ND   JMC : History of Medieval Philosophy / by Maurice De Wulf

175. Gilbert de la Porrée. -- GILBERT DE LA PORRÉE (Porretanus) was born at Poitiers in 1076, followed the lectures of Hilary of Poitiers and Anselm of Laon, and was intimately acquainted with Bernard of Chartres, having lectured himself for over twelve years at the famous schools there. Subsequently he became Scholasticus at Paris (1141), and John of Salisbury, who followed his lectures there, assures us of the high esteem in which he was held at the great metropolis of learning. In 1142 Gilbert was appointed to the see of Poitiers, where he died in 1154. He did not abandon his professorial work immediately on assuming the duties of the episcopate.{1}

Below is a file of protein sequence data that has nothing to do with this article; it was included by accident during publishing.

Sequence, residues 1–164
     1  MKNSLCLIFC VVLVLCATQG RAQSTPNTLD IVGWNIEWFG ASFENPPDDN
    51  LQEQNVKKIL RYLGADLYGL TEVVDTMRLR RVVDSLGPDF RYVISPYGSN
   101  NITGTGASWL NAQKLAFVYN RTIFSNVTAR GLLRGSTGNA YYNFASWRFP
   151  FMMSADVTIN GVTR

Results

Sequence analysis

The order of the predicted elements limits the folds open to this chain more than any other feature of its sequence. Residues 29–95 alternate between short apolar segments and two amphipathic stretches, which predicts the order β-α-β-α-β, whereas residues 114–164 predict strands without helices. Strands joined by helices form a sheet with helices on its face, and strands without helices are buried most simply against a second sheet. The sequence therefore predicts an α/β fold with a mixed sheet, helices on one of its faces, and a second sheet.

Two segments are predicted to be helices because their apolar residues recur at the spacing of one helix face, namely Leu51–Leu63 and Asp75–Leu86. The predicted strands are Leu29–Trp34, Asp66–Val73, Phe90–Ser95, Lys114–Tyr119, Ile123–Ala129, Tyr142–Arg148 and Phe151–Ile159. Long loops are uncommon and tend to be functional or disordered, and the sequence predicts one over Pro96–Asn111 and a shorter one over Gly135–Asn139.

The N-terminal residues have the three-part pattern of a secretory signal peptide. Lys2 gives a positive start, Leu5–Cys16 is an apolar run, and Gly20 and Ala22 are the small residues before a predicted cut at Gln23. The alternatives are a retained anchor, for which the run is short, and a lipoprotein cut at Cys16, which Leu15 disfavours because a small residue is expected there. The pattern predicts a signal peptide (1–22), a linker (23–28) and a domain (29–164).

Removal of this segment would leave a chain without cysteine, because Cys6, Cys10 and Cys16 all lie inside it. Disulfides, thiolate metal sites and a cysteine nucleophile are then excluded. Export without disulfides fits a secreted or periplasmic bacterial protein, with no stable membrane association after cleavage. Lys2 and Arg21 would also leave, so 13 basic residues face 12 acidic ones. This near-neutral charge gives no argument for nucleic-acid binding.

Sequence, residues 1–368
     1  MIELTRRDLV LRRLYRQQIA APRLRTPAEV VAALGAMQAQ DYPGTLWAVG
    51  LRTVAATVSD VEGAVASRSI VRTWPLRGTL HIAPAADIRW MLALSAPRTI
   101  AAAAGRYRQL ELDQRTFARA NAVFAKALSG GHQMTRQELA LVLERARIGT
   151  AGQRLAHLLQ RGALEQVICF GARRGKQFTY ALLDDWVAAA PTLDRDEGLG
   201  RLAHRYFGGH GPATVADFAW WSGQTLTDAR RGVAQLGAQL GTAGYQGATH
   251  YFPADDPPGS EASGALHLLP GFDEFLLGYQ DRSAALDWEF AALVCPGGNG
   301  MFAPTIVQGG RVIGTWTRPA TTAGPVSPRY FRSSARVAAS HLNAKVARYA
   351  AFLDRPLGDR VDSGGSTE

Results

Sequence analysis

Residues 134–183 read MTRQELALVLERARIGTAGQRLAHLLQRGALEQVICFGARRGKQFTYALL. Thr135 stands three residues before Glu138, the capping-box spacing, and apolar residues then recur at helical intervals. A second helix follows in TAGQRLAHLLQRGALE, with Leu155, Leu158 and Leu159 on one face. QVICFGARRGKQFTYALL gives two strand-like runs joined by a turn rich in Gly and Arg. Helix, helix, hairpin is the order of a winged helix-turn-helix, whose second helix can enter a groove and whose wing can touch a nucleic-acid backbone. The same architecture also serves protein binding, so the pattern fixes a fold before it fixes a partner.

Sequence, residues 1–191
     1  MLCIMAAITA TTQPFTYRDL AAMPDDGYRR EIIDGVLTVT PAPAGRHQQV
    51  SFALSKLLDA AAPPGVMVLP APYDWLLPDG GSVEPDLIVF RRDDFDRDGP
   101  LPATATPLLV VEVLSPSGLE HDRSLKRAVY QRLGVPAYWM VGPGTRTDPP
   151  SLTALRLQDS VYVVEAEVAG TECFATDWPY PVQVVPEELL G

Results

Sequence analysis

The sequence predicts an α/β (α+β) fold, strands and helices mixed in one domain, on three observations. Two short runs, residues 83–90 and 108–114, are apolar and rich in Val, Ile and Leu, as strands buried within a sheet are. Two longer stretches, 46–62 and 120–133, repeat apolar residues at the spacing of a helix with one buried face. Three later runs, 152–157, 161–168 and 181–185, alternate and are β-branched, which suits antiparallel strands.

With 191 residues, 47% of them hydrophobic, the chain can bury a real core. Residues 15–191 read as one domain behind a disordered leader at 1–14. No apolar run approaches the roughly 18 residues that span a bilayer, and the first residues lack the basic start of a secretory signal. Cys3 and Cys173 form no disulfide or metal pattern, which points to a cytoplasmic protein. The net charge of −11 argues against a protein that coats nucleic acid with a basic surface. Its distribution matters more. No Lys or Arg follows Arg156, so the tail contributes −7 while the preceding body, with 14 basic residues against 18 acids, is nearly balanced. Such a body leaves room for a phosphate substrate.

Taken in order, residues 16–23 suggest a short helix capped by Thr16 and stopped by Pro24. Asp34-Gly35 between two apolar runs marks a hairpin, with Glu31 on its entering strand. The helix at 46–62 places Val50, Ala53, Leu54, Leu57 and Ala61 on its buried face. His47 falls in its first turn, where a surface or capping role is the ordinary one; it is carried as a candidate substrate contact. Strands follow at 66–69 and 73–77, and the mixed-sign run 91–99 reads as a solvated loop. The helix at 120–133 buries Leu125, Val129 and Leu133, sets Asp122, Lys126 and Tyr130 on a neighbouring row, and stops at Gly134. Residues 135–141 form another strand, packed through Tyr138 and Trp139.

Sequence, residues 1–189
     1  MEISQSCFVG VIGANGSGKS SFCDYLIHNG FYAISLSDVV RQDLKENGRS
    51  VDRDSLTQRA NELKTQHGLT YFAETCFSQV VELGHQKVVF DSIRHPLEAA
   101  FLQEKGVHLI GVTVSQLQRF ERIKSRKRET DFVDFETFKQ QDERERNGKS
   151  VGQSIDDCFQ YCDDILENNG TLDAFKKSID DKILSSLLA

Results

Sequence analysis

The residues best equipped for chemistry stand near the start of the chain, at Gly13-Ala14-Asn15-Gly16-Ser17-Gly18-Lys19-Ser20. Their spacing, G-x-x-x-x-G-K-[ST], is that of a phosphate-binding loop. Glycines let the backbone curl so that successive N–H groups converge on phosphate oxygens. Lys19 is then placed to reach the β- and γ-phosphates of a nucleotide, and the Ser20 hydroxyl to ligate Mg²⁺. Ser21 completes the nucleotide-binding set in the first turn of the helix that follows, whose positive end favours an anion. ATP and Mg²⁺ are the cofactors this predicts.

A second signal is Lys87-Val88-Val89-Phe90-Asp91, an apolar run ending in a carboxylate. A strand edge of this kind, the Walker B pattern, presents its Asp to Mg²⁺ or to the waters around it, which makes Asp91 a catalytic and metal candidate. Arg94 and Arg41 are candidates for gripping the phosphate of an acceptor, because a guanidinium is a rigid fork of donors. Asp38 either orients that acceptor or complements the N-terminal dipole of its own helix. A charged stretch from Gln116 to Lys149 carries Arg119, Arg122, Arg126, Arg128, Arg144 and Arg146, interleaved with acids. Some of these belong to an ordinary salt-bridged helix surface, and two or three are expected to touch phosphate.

Among the numerous theological and philosophical works of Gilbert the most important are the Liber Sex Principiorum and two commentaries on the supposed Boëthian treatises De Trinitate and De Duabus Naturis in Christo. He is not the author of the book De Causis, attributed to him by Berthaud and Clerval.

{1} Among those who espoused Gilbert's solution of the Universals question were OTTO OF FREISING (1115-1158) and the anonymous author of the Liber de Vera Philosophia also NICHOLAS OF AMIENS, author of a summa against the Mahometans, De Arca Fidei, free from all trace of excessive realism. On Otto, cf. J. HASTAGEN, Otto von Freising als Geschichtsphilosoph und Kirchenpolitiker (Leipzig, 1900). The author examines the influences bearing on Otto's philosophy, pp. 6-22. Also J. SCHMIDLIN, Die Philosophie Ottos von Freising (Philos. Jahrb., 1905).

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